Thursday, 20 August 2009

Renewing stones.

Nine hundred years can be hard on a building. It needs a lot of TLC to keep it looking good and to keep it standing and stable. One reason the Abbey is still standing is that in the 19th Century the architect Gilbert Scott was commissioned to undertake a major restoration. Scott's radical repairs and even more his ruthless removal of all the 16th, 17th and 18th Century clutter from the Abbey triggered protests in Parliament (As if they'd know anything about churches) and eventually the foundation of the Society for the Protection of Ancient Buildings and English Heritage.

If either organisation operated on common sense and recognised the fact that these buildings are here because they have evolved, changed and adapted to changing circumstances I would have more sympathy with their attempts at preservation. But the work on the Abbey tower is an effective case in point. The West Face of the Tower is badly eroded. In fact some of the detail on the blind arcading will no longer even be visible in as little as ten years, yet English Heritage and the SPAB are adamant that what little remains is "historically important" and must under no circumstances be replaced. Until, of course, it crumbles and vanishes altogether. So now we have the crazy situation where in order to preserve the building we are replacing some stones, beautifully carved to be exact replicas of the original and even using tools identical to those used by the original workmen - yet these are set in place among stones so worn the pattern is already all but lost.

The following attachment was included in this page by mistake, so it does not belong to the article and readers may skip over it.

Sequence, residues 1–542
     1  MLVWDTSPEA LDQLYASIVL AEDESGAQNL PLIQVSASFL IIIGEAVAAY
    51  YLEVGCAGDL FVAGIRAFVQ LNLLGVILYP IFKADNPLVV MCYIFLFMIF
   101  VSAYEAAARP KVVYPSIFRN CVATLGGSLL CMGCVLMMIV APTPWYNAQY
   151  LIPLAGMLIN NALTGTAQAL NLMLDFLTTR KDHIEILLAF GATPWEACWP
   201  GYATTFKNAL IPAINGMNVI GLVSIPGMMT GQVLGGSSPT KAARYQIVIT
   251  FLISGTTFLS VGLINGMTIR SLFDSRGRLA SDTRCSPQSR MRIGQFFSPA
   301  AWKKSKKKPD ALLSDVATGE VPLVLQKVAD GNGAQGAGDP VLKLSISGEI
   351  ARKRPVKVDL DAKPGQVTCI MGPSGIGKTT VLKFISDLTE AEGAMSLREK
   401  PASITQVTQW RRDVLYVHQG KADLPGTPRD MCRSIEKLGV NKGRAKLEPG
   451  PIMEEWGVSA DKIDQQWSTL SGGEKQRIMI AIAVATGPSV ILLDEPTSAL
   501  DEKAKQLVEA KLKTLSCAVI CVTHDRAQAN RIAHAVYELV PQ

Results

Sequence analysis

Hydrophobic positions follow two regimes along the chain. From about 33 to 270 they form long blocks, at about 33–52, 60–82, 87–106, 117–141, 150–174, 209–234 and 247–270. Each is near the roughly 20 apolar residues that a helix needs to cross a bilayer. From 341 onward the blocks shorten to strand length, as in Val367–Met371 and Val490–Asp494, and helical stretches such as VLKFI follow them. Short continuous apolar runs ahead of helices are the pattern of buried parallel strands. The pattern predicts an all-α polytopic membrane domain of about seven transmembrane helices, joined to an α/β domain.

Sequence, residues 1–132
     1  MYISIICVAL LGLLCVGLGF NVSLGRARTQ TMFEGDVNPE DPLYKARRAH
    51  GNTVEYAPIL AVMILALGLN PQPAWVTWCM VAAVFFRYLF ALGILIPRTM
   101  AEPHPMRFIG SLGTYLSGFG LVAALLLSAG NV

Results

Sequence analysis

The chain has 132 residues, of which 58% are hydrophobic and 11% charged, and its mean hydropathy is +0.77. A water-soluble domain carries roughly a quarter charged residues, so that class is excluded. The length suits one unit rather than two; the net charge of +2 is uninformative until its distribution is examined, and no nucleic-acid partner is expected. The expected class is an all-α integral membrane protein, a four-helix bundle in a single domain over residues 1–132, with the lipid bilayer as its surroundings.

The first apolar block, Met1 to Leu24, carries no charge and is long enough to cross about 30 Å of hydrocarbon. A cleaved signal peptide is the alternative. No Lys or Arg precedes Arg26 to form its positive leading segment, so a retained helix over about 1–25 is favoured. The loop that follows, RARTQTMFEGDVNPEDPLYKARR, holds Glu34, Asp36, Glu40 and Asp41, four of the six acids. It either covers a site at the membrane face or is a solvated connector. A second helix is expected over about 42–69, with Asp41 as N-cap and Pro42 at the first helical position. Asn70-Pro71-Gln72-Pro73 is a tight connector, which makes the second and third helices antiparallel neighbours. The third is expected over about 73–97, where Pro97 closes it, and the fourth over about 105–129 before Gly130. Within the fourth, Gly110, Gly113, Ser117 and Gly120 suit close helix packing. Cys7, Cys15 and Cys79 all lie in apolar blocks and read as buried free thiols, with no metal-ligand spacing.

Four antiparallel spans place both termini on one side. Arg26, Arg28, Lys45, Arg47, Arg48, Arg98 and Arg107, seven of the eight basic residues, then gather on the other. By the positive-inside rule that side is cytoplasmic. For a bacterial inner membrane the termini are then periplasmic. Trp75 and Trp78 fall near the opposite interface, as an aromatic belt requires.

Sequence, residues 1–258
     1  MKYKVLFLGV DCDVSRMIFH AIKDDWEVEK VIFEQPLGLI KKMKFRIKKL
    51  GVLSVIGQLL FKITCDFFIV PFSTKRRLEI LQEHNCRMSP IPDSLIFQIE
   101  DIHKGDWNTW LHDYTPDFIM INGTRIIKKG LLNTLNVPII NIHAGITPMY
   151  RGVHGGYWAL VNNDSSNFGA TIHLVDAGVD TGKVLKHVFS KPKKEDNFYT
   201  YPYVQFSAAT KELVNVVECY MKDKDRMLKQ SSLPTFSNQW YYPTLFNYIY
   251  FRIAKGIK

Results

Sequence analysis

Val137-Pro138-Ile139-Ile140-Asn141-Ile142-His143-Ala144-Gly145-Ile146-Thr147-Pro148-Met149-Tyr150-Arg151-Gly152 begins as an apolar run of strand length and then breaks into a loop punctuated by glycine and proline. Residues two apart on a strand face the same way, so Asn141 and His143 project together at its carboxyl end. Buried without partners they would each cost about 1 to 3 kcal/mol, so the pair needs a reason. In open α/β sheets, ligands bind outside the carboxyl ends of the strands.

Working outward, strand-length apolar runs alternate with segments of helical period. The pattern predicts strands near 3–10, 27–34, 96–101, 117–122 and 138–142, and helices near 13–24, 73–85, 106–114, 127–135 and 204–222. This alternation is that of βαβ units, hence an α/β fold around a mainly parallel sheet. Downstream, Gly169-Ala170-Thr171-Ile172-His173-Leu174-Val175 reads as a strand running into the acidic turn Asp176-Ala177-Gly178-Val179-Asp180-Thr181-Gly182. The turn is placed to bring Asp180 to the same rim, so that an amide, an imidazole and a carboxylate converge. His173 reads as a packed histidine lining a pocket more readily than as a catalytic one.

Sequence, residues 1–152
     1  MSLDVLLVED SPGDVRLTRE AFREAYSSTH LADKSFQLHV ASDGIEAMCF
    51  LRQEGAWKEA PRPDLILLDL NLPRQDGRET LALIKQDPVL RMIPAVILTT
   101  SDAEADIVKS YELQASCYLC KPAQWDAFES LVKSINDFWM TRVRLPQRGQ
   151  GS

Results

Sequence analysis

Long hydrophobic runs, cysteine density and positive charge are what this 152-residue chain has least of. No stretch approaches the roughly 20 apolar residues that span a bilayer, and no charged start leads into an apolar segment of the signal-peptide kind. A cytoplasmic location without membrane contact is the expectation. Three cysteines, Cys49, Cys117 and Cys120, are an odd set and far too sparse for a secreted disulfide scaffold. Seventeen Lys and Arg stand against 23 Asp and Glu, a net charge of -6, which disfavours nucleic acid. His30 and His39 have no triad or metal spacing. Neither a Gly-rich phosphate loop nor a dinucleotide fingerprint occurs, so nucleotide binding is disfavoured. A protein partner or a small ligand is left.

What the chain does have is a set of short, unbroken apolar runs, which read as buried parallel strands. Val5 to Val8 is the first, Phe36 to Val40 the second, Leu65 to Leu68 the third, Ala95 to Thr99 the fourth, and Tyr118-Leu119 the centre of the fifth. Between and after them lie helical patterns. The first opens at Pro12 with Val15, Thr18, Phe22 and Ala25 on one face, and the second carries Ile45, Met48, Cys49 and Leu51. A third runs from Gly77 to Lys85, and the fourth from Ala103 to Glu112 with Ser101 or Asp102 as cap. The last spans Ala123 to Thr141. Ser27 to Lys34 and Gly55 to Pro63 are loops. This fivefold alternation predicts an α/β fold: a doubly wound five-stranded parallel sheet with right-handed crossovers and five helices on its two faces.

But here, for those interested, are some views of the work and of the damage that must be addressed. If you are interested in offering us some assistance in completing the work or assisting the work of the Abbey, please contact the Abbey Office through the website.

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